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Year : 2022  |  Volume : 13  |  Issue : 1  |  Page : 106

Diet quality indices in relation to cardiovascular risk factors in T2DM patients: A systematic review

1 Health Research Center, Life Style Institute, Baqiyatallah University of Medical Sciences, Tehran, Iran
2 Exercise Physiology Research Center, Life Style Institute, Baqiyatallah University of Medical Science, Tehran, Iran

Correspondence Address:
Karim Parastouei
Associate Professor of Nutrition, Health Research Center, Life Style Institute, Baqiyatallah University of Medical Sciences, Tehran
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Source of Support: None, Conflict of Interest: None

DOI: 10.4103/ijpvm.IJPVM_494_20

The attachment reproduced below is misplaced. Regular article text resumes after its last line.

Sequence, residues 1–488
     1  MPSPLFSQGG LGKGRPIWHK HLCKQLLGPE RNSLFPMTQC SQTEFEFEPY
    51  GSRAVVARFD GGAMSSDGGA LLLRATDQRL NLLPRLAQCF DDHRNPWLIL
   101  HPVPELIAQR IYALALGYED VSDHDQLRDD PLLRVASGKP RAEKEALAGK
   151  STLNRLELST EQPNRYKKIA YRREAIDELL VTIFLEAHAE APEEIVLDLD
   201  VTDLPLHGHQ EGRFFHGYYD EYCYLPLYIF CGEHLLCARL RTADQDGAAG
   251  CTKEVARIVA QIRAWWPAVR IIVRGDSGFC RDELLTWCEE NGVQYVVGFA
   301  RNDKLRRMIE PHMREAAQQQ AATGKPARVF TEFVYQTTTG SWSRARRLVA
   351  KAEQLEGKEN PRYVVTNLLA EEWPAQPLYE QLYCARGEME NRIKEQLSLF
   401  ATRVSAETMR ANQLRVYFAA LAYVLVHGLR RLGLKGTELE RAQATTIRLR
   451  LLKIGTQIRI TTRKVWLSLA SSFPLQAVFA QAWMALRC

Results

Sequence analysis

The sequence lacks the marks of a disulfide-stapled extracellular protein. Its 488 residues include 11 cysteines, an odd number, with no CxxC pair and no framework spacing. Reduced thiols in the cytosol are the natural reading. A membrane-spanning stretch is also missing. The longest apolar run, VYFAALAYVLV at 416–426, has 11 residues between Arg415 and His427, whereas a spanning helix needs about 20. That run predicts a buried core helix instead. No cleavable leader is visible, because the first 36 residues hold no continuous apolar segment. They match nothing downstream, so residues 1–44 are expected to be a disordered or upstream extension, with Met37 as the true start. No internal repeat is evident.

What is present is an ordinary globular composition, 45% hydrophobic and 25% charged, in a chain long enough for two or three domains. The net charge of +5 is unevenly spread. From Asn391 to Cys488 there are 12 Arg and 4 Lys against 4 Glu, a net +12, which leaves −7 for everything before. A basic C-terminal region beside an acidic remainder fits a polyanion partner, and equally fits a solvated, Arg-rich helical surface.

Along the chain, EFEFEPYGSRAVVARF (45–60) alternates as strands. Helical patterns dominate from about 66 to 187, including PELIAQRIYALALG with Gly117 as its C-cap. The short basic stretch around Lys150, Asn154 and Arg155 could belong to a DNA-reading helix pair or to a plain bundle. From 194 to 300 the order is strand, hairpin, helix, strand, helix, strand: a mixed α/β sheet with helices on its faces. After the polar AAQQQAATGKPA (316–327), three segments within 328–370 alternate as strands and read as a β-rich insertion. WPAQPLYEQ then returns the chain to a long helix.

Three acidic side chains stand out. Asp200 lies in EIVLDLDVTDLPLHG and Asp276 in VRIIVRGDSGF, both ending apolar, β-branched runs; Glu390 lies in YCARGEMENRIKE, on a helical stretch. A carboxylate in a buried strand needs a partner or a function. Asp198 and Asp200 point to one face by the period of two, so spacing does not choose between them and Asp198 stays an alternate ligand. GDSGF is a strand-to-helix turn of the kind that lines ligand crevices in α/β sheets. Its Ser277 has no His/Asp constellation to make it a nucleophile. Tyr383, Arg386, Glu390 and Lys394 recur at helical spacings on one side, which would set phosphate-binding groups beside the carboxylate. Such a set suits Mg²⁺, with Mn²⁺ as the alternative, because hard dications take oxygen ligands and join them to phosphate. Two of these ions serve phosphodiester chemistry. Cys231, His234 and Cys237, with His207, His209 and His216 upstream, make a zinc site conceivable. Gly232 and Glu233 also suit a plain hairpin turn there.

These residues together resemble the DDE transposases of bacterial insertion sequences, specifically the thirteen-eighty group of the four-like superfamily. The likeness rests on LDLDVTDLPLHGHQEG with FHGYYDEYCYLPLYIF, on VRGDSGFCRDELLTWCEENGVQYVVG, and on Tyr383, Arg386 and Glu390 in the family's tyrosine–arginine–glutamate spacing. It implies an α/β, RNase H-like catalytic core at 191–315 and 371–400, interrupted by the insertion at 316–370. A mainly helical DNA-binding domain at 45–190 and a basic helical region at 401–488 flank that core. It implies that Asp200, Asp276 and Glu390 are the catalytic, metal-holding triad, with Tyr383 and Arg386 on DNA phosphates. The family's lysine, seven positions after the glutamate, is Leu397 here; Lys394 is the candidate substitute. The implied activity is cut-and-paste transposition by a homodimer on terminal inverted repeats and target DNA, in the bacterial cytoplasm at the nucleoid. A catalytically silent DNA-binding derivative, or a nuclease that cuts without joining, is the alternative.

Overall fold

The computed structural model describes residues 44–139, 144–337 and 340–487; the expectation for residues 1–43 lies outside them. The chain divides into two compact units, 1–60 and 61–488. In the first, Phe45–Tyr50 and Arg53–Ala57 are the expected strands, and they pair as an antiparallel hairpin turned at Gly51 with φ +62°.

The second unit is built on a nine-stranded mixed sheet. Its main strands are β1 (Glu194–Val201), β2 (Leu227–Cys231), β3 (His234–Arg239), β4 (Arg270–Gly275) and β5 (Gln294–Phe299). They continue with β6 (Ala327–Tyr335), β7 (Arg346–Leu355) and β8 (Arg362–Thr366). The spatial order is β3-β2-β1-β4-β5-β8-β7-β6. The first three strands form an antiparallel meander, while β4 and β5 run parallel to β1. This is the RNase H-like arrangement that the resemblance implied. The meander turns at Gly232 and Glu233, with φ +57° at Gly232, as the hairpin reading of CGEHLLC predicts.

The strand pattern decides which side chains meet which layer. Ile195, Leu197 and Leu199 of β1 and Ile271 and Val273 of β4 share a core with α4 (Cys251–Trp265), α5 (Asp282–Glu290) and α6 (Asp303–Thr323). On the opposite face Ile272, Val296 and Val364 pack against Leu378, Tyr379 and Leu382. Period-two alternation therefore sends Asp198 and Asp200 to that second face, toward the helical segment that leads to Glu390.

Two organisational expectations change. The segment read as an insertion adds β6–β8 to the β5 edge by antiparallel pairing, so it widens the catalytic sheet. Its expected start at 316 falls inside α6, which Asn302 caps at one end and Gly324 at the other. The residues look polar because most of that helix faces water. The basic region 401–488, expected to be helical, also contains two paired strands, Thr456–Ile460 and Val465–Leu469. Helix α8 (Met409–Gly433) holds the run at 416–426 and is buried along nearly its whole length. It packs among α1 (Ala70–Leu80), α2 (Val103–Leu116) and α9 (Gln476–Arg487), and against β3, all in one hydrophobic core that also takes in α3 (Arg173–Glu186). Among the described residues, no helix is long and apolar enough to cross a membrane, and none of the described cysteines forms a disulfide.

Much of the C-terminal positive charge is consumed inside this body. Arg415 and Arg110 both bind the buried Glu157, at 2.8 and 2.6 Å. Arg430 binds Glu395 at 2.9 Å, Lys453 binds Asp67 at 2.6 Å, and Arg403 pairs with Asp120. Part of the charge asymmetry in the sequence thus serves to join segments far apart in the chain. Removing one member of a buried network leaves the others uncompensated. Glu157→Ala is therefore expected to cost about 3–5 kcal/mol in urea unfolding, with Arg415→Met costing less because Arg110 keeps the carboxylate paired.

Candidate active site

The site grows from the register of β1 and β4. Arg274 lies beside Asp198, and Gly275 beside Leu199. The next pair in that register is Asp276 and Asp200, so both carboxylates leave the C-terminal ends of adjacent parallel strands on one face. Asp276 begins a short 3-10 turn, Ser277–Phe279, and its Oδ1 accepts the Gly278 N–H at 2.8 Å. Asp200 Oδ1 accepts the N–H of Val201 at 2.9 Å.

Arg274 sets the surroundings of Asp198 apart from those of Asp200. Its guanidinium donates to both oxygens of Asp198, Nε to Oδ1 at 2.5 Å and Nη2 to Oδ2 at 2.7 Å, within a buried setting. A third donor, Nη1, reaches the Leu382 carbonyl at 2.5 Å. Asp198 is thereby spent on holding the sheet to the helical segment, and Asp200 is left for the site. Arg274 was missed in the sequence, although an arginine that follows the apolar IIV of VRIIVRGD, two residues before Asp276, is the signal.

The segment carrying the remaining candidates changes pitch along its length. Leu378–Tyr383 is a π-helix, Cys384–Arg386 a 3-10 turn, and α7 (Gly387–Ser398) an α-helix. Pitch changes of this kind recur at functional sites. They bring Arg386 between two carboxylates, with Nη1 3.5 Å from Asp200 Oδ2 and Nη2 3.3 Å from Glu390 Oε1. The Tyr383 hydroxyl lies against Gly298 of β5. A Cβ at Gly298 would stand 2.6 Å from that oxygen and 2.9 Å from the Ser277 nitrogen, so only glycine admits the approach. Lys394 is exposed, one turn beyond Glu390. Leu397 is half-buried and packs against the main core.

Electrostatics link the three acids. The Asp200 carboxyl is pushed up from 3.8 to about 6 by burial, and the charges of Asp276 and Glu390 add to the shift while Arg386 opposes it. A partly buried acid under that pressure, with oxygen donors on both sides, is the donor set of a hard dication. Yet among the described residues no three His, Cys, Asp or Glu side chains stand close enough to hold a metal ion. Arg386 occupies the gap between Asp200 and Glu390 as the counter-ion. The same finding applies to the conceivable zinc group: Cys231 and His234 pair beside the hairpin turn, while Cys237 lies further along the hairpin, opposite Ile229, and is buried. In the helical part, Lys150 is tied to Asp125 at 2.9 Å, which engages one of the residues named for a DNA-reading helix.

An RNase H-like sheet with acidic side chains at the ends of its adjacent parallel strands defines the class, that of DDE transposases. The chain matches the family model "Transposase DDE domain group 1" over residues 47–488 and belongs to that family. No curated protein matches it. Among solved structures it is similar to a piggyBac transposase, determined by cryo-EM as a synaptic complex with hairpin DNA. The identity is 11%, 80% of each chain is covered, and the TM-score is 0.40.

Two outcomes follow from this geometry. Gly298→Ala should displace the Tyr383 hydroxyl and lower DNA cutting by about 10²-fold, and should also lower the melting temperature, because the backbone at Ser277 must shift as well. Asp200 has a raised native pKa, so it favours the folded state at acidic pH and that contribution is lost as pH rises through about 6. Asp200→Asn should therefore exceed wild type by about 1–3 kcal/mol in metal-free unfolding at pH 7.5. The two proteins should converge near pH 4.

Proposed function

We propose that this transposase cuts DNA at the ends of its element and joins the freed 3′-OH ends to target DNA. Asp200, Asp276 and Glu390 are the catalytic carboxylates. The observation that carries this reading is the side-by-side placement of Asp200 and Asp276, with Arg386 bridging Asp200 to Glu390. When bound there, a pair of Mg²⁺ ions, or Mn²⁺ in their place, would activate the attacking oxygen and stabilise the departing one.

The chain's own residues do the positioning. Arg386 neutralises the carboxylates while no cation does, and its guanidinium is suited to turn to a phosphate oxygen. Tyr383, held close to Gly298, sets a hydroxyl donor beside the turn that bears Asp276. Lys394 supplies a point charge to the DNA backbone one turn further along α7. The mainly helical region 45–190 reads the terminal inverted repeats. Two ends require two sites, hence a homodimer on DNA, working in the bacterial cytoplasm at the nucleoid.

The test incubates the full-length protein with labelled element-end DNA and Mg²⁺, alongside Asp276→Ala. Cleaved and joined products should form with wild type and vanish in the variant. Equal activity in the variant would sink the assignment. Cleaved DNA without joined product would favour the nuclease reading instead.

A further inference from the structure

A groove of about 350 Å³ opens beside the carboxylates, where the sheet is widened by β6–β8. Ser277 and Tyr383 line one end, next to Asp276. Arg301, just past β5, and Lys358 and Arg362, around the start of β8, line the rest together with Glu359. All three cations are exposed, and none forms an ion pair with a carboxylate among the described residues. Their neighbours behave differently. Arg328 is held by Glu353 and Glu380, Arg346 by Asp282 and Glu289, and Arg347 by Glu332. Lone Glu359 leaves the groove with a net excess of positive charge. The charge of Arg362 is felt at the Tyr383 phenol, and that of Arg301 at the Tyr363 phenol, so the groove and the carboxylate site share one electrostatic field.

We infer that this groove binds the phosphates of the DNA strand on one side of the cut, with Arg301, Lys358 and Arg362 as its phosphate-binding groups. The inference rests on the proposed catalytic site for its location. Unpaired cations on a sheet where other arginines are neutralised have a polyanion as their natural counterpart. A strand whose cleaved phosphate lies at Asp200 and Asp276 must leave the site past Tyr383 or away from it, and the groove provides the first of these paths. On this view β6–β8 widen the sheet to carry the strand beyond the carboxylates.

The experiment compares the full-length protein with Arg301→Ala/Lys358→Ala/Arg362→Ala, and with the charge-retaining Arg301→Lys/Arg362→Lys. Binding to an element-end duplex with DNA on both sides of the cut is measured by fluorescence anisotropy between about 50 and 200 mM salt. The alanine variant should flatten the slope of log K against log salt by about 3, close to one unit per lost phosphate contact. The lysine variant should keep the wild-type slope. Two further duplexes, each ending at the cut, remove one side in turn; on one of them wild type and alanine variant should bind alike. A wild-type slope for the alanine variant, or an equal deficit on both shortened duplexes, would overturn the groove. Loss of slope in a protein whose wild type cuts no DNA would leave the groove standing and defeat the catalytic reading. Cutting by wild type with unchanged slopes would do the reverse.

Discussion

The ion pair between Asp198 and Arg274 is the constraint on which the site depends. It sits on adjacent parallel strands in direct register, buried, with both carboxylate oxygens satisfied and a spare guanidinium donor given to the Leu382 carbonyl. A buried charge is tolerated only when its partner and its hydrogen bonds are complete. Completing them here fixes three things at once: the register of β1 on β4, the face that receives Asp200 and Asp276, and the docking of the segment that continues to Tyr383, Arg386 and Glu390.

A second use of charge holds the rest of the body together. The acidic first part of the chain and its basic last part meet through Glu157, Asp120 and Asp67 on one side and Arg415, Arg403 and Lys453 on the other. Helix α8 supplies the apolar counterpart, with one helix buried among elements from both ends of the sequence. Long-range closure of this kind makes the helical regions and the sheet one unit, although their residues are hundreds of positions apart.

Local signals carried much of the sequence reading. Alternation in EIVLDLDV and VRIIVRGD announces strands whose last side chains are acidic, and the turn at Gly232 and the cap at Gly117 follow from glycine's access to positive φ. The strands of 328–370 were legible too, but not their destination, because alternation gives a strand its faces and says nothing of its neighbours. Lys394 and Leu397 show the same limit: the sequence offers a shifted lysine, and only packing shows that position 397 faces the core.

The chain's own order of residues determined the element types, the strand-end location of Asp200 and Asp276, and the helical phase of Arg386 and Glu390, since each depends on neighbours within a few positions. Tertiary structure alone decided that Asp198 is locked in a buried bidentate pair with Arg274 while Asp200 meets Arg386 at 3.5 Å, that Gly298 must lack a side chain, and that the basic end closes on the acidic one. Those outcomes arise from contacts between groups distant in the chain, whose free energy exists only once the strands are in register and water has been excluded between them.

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Background: Dietary quality indices are practical as an instrument to investigate the extent of adhering to a special diet to prevent cardiovascular disease (CVD) in type 2 diabetes mellitus (T2DM). Considering the lack of any systematic review with regards to this issue, our aim was to examine observational studies to test the relationship between dietary quality indices and CVD risk factors in T2DM. Methods: Systematic search was performed in Web of knowledge, PubMed, Cochrane, Science direct, Google Scholar and Scopus databases from January 1990 to July 2020. The studies exploring the relationship between dietary quality indices (diet quality score (DQS), dietary diversity score (DDS), healthy diet indicator (HDI), healthy eating index (HEI), diet quality index (DQI), Mediterranean diet score (MDS)) and lipid profile, anthropometric indices, glucose profile as well as blood pressure were eligible to be included in this review. Overall, mean changes, odd ratio (RR), correlation coefficients, and beta coefficient of outcomes were extracted, with the quality assessment of studies performed applying The Newcastle-Ottawa scale. Results: From among 1627 papers, 10 articles were included: Eight cross-sectional and two prospective (cohort) studies. The association between HEI as well as MDS and CVD risk factors was more evident in the included studies. Fasting blood sugar, hemoglobin A1c, body mass index, and waist circumference revealed the greatest inverse significant relationship with dietary quality indices in adults with T2DM. Conclusion: Overall, the findings of this study suggest that the level of CVD risk factors in T2DM decreases significantly with increase in the score of dietary quality indices. Further studies in future are required to confirm these findings.

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